By Thomas Gerbasi
Ask Rico Ramos how many Puerto Ricans are in his native Pico Rivera, California, and he thinks about it for a second. Then he laughs.
“Not that many,” he said. “Really, none at all. They’re all in New York and Florida.”
There will certainly be plenty in New York City this weekend, with the annual Puerto Rican Day Parade taking place, but from a boxing point of view, there will be no Miguel Cotto, Juan Manuel Lopez, or Ivan Calderon fights at Madison Square Garden, like there usually is. But rising star Ramos promises that one day, he will be there to celebrate with his fellow Boricuas.
“I will get there,” said Ramos. “All I gotta do is keep training and keep winning and I’ll get there to the top. I just want it so bad and I want to get to that MGM Grand and Madison Square Garden. I want to get everywhere.”
He’s on his way. On July 9th in Atlantic City, Ramos will challenge for his first pro title when he takes on WBA super bantamweight champion Akifumi Shimoda, and it’s not only an opportunity to gain a valuable trinket for his trophy case, but it’s an HBO-televised showcase that can bring his fast fists and hands into the nation’s living rooms.
In other words, to the world, it’s the first step in the star-making process. But the process really began when Ramos walked into the Broadway Boxing Gym in Los Angeles at the age of eight. It’s the part of the boxing story few refer back to, assuming that fighters fall out of the sky and into the amateur or pro ranks. That’s not the case, and what happens in those formative years can dictate where a boxer eventually winds up, because “real” life usually interferes.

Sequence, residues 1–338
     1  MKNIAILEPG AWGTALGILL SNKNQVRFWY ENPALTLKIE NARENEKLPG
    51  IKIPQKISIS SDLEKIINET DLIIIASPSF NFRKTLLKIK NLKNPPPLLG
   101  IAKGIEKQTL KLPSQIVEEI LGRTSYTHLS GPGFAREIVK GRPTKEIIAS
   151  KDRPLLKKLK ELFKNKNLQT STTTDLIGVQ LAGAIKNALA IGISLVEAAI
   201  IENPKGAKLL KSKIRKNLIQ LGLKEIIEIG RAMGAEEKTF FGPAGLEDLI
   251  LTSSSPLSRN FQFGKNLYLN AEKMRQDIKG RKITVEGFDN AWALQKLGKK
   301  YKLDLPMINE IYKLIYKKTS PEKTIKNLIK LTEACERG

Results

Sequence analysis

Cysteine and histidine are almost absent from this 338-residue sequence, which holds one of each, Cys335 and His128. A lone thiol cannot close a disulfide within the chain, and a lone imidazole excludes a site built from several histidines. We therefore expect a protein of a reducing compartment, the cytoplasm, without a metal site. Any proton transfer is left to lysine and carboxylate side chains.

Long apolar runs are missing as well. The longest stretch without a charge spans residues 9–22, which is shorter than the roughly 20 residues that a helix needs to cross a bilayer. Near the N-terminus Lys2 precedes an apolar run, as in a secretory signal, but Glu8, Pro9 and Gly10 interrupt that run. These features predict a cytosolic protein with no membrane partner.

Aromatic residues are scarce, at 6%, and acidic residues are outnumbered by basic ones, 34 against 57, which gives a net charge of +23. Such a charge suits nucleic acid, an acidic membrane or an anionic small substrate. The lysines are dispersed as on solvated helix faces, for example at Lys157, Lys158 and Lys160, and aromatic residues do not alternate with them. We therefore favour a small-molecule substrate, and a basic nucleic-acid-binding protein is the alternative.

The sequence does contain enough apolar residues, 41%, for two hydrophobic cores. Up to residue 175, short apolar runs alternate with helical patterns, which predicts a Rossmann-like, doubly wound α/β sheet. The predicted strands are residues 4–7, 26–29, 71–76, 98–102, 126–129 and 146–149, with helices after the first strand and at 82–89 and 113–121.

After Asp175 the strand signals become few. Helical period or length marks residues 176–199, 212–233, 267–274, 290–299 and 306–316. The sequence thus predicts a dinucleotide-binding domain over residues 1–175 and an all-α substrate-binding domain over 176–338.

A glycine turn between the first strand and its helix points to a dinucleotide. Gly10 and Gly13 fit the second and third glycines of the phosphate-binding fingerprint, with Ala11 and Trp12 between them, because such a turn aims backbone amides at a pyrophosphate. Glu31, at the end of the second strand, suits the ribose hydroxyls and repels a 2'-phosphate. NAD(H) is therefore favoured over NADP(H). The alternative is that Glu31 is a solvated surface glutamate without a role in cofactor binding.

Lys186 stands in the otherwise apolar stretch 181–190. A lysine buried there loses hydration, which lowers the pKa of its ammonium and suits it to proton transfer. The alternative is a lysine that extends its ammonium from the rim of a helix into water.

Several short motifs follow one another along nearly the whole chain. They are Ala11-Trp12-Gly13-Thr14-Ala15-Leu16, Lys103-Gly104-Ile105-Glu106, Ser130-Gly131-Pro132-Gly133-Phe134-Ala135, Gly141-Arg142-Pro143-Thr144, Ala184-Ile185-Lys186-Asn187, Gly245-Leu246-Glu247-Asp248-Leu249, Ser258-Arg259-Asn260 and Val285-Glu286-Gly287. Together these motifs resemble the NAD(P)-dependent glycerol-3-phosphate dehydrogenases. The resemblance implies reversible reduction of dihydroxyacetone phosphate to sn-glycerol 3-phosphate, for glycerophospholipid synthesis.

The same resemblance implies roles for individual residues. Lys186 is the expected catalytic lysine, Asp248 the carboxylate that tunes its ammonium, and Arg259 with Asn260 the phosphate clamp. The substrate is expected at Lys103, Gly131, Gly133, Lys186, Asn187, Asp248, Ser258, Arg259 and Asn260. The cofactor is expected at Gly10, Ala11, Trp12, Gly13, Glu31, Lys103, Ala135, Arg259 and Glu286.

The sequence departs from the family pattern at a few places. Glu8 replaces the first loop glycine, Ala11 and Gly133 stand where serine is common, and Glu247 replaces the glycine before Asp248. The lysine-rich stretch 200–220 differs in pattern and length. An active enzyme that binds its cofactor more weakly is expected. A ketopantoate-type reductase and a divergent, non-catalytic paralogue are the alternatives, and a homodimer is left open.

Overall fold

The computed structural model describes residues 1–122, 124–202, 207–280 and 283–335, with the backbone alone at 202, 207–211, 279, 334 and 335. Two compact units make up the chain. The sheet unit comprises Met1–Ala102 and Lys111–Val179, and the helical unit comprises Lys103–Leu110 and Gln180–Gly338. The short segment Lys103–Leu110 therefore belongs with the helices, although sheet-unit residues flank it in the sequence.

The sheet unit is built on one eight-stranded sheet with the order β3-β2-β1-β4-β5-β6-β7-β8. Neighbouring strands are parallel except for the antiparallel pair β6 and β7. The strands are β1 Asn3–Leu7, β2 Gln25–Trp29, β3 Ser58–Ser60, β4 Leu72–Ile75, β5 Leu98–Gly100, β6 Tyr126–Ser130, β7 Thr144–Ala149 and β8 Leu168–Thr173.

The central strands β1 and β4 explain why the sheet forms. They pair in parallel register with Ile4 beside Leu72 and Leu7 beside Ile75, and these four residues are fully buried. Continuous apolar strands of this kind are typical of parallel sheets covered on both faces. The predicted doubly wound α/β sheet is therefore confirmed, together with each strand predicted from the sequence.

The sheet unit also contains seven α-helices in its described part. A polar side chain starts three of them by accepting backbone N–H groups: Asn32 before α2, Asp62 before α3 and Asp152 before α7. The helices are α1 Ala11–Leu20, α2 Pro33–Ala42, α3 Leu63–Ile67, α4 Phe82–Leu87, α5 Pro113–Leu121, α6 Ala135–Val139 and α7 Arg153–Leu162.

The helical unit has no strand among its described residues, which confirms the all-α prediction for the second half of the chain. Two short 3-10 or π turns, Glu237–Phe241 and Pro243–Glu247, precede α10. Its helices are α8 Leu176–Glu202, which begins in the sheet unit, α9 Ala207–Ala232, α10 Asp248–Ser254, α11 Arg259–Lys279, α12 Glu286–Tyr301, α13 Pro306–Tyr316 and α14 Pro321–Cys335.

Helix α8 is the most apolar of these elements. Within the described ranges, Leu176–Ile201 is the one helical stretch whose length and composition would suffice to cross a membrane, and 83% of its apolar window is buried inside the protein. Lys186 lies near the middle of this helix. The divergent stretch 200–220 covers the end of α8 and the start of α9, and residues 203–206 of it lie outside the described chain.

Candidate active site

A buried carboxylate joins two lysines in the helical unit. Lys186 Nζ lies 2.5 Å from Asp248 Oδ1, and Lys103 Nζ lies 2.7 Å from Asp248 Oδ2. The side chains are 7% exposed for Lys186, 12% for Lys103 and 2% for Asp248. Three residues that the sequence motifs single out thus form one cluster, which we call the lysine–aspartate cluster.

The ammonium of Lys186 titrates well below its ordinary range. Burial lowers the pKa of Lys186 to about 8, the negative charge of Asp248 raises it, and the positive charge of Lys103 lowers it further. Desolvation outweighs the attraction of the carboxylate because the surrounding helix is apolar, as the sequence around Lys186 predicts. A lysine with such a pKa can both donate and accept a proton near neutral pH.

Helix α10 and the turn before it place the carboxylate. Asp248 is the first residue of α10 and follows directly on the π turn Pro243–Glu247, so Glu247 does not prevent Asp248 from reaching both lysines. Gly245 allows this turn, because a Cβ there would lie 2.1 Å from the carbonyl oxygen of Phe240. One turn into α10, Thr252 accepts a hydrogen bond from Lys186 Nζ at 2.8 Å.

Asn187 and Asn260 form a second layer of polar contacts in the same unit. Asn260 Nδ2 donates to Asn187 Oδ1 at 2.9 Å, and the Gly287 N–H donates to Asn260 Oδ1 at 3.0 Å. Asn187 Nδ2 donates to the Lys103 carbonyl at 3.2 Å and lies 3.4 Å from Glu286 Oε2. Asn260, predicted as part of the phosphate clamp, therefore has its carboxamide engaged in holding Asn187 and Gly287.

“To tell you the truth, I really wasn’t a boxing fan,” he admits. “I just liked to box. I couldn’t tell you who the champions were, and I wasn’t into boxing at a young age.”
He was good at it though, and on his way to a 99-17 amateur record, he won the Golden Gloves, Silver Gloves, and a National PAL title, among other accolades. At the same time, life went on outside the ring, and as his friends were being teenagers, he was in the gym. So there was dissension in the ranks at times.
“When I was young, there was some point when I wanted to quit and give up boxing,” he said, and when asked at what age he had these feelings, he laughs. “When I was 10…15…19.”
At that rate, the 23-year old should be due around age 24 or 25, right?
“Not no more,” he smiles, before adding that it was always the pursuit of something better that kept him plugging away in the hardest game.
“You’re sitting in the house, you see other people outside doing nothing with their life, and it made me want to get back in the gym and constantly keep pushing myself,” he said. “I just stayed in the gym, got some fights, and I like fighting, so I stayed in there. And right now, most people my age are out there partying and doing other things, but this is my career, so I do what I have to do.”
It’s paid off, and as a pro, Ramos has sailed to a 19-0 record with 10 knockouts. There’s no one on his record that jumps out as a top, knock ‘em dead contender, but there are plenty of scrappy and experienced veterans like Heriberto Ruiz, Cuauhtemoc Vargas, Kermin Guardia, and Reynaldo Lopez that have prepared him for the next level.
“Shimoda is the best southpaw and the best guy that I’m gonna fight, but it gives me a lot of confidence that I’ve fought a couple southpaws already,” said Ramos, who has moved the training camp for the biggest fight of his career from LA to Las Vegas.
“The air is different here in Las Vegas from Los Angeles, and we’re working much harder for this fight,” he said. “I just wanted to try a different environment and training camp and see what happens, but it’s going real good. They’re pushing me very, very hard and everything is coming out great.”
As for Tokyo’s Shimoda (23-2-1, 10 KOs), Ramos says, “I don’t know that much about him. I just know that he comes to fight, his left hand is real strong, he comes forward, and he comes to fight for those 12 rounds. I’ll be ready.”
He’ll need to be, as Shimoda’s countryman Nobuhiro Ishida proved in his April knockout of highly touted James Kirkland that just because a fighter isn’t known in the United States, that doesn’t mean he isn’t good. But with the confidence that comes with being 23 and having 15 years’ experience in the game, Ramos’ mindset is, he may be good, but I’m better.
“I’m ready for anything,” he said. “Whoever they bring me at 122, I’m ready. This is my life, this is my career, and this is what I was born to do.”